Supports education and awareness of mental health issues
■ By Brenda Scott / Contributed
Last Saturday, over 2,200 eager participants joined the 5K+ walk at Diamond Valley Lake. This was the 13th annual NAMIWalk held at the same site southwest of Hemet. The NAMI (National Alliance on Mental Illness) nationwide walk events are the largest and most successful mental health awareness and fundraising events held in the country. This year, NAMIWalks celebrated its 16th anniversary as a national organization.
The goal for Inland Empire NAMIWalk was $110,000. They exceeded $86,000 from the 2,200+ participants who visited the Diamond Valley Lake Marina where the walk took place. Funds were received from individual walker entry fees, funds raised by walker teams, plus sponsor fees and donations.
One team that returns every year was created by Mary Rust who is a retired school administrator for Hemet Unified School District. Her team name is Educators 4 NAMI. This year, Rust brought a team of walkers with a goal of $4,500. She has been a team captain for all 13 years of the walk. As a school administrator for Hemet Unified, Rust worked with students with mental health concerns.
The stigma of mental health is difficult to overcome when you have a child who is experiencing challenges. Rust retired from Hemet Unified in 2005 and was a team captain for the 1st NAMIWalk in 2006. Her team includes many teachers, retired teachers and administrators. She invites anyone to join her team who cares about children’s mental health concerns. She said, “Educating youth at a younger age on mental health is very important.”
Rust said that the UCR Dean’s office was also on her team, and the local chapter of California Retired Teachers Association had a table at the event and is a supporter of NAMI. She said she is always encouraging teachers and administrators to learn more about mental health so we can support the students and families in our valley who are experiencing difficulties.
One of NAMI’s signature programs is Ending the Silence for Students, where the local San Jacinto chapter of NAMI goes into high schools to talk to the freshman class about mental health.
Participants at NAMI Walks join a nationwide movement to raise awareness of mental illness issues and generate funds to help individuals and families in the local area. This year’s Honorary Chair for the NAMIWalk was City of Hemet Council member Bonnie Wright. Council member Wright addressed the group before they walked in the morning and read a proclamation signed by Mayor Mike Perciful that states the City of Hemet encourages all citizens of the Valley to help raise awareness of mental illness and support the efforts of our healthcare workers in the diagnosis and treatment of this disease.
The local Mt. San Jacinto chapter of NAMI has weekly support group meetings for persons who experience mental health symptoms as well as monthly support group meetings for families. They also hold a monthly education meeting featuring speakers who educate the audience on mental health topics.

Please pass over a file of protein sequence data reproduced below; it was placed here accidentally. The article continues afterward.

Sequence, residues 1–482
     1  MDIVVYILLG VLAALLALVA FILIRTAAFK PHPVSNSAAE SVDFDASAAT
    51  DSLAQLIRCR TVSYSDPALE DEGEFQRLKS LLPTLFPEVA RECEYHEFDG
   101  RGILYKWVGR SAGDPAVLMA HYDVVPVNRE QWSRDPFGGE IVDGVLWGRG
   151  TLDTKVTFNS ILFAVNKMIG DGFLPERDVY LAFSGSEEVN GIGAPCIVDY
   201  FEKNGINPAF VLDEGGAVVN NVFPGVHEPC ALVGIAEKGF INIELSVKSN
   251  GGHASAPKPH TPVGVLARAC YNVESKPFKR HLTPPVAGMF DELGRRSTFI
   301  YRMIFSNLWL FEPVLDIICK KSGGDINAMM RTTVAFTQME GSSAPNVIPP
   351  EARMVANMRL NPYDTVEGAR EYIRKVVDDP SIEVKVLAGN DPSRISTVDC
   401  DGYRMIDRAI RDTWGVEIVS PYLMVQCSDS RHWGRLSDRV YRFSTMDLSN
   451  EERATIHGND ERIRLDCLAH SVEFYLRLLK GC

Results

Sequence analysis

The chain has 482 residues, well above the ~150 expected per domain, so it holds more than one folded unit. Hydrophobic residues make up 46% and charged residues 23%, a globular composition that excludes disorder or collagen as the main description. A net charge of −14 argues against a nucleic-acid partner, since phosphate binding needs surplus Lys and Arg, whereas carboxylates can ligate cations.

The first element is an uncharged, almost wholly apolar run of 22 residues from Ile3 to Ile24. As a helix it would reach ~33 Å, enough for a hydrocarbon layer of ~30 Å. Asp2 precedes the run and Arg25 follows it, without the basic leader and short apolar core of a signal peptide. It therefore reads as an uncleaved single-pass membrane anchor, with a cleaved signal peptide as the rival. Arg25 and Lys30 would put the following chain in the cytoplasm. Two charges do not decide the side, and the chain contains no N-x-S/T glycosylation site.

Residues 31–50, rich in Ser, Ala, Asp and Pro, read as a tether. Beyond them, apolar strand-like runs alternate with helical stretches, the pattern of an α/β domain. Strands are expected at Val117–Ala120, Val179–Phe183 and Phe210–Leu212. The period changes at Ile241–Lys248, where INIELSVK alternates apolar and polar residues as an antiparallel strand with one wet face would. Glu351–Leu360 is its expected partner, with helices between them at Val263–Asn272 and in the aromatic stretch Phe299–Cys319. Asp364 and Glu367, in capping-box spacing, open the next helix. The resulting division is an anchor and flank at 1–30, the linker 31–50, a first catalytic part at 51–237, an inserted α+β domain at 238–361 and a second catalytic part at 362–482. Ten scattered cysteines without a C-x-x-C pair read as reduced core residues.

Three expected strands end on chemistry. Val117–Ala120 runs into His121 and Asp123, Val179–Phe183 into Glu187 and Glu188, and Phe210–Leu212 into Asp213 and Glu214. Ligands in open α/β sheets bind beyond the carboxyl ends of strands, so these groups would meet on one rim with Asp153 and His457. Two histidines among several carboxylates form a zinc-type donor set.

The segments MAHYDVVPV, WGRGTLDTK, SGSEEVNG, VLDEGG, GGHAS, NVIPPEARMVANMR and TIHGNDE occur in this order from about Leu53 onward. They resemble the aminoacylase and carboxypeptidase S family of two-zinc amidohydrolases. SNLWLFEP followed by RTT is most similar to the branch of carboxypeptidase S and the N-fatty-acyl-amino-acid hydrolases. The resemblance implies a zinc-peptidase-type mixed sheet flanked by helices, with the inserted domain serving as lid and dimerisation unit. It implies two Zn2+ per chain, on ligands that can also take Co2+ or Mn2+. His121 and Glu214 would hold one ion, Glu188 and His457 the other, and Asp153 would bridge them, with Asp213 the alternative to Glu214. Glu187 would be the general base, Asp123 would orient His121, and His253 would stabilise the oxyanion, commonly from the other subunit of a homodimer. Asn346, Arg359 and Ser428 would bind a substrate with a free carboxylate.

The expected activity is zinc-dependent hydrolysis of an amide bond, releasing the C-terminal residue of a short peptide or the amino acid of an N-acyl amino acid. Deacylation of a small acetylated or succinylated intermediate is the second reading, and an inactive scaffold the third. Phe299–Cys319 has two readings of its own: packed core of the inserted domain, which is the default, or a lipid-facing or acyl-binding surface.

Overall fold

NAMI also has an education program called Family to Family which is a 12-week course taught in English and Spanish in the local area. Families who participate are educated on mental health symptoms, how the brain works, self-care, how to support their relatives, and other topics important to families dealing with members with a mental condition. The main focus is on recovery and the fact that many intelligent, gifted, talented people have mental health conditions and live successful lives in our society.
NAMI tries to educate the public on the importance of early intervention and early treatment in mental health. NIMH (National Institute on Mental Health) states that one in 5 people in the U.S. is affected by mental health, and one person in 17 has a major mental health condition like Schizophrenia, Bipolar, Major Depression, PTSD (Post Traumatic Stress Disorder), Borderline Personality Disorder, Anxiety, or OCD (Obsessive Compulsive Disorder)
NAMI educational programs in the community state that 57 million Americans are affected by mental health conditions and two-thirds of them will not seek treatment due to stigma and lack of education on mental health. If the disease was heart disease, cancer or diabetes, they would seek help, but mental health is considered a taboo topic by many and you are expected to “snap out of it” or “just get over it.”
Contact for the local chapter of NAMI is Brenda Scott, (951) 765-1850 or via email at Brenda.Scott@NAMImsj.org. Monthly meetings are held on the fourth Monday of the month at the Spirit of Joy Church in Hemet. Meeting dates and times are posted on the website: http://www.namimtsanjacinto.org. Like all of NAMI’s programs and support groups, these meetings are free.
About the author: Brenda Scott is Executive Director of the San Jacinto Valley chapter of NAMI.